• Male sex. Men have a higher risk of TIA; women have a higher lifetime risk of stroke.
  • Race or ethnicity. African Americans and people of Hispanic ethnicity are at higher risk of TIA and stroke than Caucasian (white) people.
  • High blood pressure (hypertension)
  • Physical inactivity
  • Diabetes
  • Heart disease
  • Atrial fibrillation
  • Smoking (both tobacco and marijuana)
  • High blood cholesterol levels
  • Drug abuse
  • Obesity

What are the symptoms of a transient ischemic attack (TIA) or stroke?

The symptoms of a transient ischemic attack (TIA) and a stroke do not differ. Symptoms generally come on suddenly and can include:

  • Difficulty seeing from one or both eyes
  • Numbness or weakness in the face, arms, or legs, especially on one side
  • Severe headache
  • Difficulty walking
  • Dizziness, loss of coordination and balance
  • Difficulty speaking or understanding words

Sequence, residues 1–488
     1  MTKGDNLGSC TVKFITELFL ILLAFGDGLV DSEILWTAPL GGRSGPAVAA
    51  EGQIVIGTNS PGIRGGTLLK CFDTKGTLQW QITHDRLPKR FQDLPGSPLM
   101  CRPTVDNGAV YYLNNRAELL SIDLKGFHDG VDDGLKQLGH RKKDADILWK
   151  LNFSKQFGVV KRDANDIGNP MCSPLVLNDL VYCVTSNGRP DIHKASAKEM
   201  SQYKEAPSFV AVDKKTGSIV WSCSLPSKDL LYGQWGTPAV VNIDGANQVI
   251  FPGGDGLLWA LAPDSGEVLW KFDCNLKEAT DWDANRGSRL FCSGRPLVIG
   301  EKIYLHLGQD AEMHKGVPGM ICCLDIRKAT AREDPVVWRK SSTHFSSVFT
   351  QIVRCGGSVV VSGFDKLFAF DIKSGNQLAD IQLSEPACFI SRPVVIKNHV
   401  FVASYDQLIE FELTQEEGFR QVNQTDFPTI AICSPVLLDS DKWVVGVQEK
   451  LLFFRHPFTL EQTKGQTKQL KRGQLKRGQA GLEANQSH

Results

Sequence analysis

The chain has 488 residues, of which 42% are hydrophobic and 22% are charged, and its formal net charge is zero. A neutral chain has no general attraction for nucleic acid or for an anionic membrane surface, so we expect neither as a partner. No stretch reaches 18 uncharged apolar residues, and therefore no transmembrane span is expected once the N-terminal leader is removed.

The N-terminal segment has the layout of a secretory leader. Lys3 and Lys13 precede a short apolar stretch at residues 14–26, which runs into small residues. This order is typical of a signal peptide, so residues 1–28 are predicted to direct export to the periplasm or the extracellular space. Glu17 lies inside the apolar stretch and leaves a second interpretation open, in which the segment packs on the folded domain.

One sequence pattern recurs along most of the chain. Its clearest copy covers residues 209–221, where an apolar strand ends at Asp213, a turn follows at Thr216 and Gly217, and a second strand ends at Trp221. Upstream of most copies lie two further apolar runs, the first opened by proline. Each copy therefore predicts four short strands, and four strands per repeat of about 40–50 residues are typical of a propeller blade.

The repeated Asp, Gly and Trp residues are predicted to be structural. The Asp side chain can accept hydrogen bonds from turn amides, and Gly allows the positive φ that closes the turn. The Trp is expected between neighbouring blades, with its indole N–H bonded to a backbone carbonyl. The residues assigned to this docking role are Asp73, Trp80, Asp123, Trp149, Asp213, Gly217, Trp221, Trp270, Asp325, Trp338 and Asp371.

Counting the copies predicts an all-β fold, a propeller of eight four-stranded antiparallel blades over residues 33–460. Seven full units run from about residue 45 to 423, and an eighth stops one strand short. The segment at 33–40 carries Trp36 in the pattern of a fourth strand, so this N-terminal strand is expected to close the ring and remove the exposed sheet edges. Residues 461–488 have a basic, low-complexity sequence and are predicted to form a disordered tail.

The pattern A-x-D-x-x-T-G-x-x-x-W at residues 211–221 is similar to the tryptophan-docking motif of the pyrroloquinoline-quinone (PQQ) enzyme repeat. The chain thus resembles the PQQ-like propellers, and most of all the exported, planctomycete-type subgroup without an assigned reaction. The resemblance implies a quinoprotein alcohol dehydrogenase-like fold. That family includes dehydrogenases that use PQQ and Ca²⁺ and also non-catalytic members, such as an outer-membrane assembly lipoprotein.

If stroke or TIA symptoms appear, it is very important to go to the ER to get immediate medical help, even if symptoms resolve!

How are transient ischemic attacks diagnosed?

Patients who experience a TIA should be seen by medical providers immediately. Evaluation includes examination by a doctor and diagnostic testing. The doctor will do some simple quick checks to test your vision, muscle strength, and ability to think and speak. Diagnostic testing consists of either a computed tomogram (CT) or magnetic resonance imaging (MRI) scan of the brain and carotid arteries to determine the possible cause of the TIA. Other tests include an electrocardiogram (ECG) of the heart, heart rate, body temperature, sleep study (to look for sleep apnea) and blood work (to look for risk factors for stroke – see above -- that can be treated).